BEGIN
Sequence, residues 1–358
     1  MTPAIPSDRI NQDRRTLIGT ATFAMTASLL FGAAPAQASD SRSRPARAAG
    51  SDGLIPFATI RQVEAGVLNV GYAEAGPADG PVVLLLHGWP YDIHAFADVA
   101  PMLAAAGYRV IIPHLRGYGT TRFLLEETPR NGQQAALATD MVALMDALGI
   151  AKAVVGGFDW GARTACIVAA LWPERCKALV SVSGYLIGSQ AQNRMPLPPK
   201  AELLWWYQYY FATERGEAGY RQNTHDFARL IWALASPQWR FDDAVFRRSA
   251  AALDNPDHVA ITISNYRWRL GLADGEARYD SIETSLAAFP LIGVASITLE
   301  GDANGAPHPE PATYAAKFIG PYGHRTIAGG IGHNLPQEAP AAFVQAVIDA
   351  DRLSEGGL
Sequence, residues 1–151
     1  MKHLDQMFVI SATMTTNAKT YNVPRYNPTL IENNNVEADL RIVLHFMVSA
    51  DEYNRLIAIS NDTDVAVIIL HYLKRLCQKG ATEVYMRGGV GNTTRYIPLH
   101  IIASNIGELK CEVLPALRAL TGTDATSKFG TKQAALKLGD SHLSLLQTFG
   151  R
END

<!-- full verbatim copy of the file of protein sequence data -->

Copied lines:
Sequence, residues 1–358
     1  MTPAIPSDRI NQDRRTLIGT ATFAMTASLL FGAAPAQASD SRSRPARAAG
    51  SDGLIPFATI RQVEAGVLNV GYAEAGPADG PVVLLLHGWP YDIHAFADVA
   101  PMLAAAGYRV IIPHLRGYGT TRFLLEETPR NGQQAALATD MVALMDALGI
   151  AKAVVGGFDW GARTACIVAA LWPERCKALV SVSGYLIGSQ AQNRMPLPPK
   201  AELLWWYQYY FATERGEAGY RQNTHDFARL IWALASPQWR FDDAVFRRSA
   251  AALDNPDHVA ITISNYRWRL GLADGEARYD SIETSLAAFP LIGVASITLE
   301  GDANGAPHPE PATYAAKFIG PYGHRTIAGG IGHNLPQEAP AAFVQAVIDA
   351  DRLSEGGL
Sequence, residues 1–151
     1  MKHLDQMFVI SATMTTNAKT YNVPRYNPTL IENNNVEADL RIVLHFMVSA
    51  DEYNRLIAIS NDTDVAVIIL HYLKRLCQKG ATEVYMRGGV GNTTRYIPLH
   101  IIASNIGELK CEVLPALRAL TGTDATSKFG TKQAALKLGD SHLSLLQTFG
   151  R